President Obama says the inspector general looking into allegations that 40 veterans died waiting for care at the Phoenix VA hospital does not see a link between the wait times and the veterans' deaths.
Obama made a statement this morning about the state of various investigations into wait times at VA facilities, which have since expanded beyond Phoenix.
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There have been allegations at the Phoenix VA, and elsewhere, that wait times have been manipulated by VA staff to seem shorter than they are. Last month, the Arizona Republic published allegations from a retired VA doctor in Phoenix who claimed 40 veterans died because of these delays.
The inspector general's investigation is still ongoing, and Obama only mentioned in passing this morning that the IG didn't see a link between the wait times and the deaths.
Meanwhile, the VA is doing its own investigation into whether the apparent manipulation of wait times is happening in a few, isolated incidents, or if it's a widespread practice.
"Anybody found to have manipulated or falsified records will be held accountable," Obama said.
However, he insisted that his administration would wait until all the facts are gathered and investigations are completed before this happens.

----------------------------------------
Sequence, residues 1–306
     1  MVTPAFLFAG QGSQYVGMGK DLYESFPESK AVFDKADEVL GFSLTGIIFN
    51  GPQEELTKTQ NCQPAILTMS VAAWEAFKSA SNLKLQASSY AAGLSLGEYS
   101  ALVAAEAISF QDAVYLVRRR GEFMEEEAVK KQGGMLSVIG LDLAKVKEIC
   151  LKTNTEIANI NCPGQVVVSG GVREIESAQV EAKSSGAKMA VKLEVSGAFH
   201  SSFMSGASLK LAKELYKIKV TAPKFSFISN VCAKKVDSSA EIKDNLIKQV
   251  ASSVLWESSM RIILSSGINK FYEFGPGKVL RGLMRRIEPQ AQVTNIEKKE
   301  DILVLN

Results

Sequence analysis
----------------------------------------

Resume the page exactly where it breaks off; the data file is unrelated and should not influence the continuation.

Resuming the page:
"Once we know the facts, I assure you, if there is misconduct, they will be punished," he said.
In the meantime, Obama has sent his Deputy Chief of Staff Rob Nabors to Phoenix to find out how to deal with the issues of long wait times at VA facilities. Nabors' job is to report back on how the VA can "up their game," Obama said.
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Senator John McCain immediately responded to Obama's address, saying it was insufficient:
"While I am glad that after many weeks of refusing to acknowledge this widening scandal, President Obama finally saw fit to speak about it today, but his remarks are wholly insufficient in addressing the fundamental, systemic problems plaguing our veterans' health care system. According to the latest reports, 26 VA facilities nationwide are now being investigated, and this Administration's ineffectual response has created a crisis of confidence in our veterans' community. We need answers, leadership and accountability, none of which we've seen from the Obama Administration to date. Further, Congress must act to address the systemic problems at the VA by giving its leaders greater ability to hire and fire those charged with providing care, and by giving veterans far greater flexibility in how they get quality care in a timely manner."
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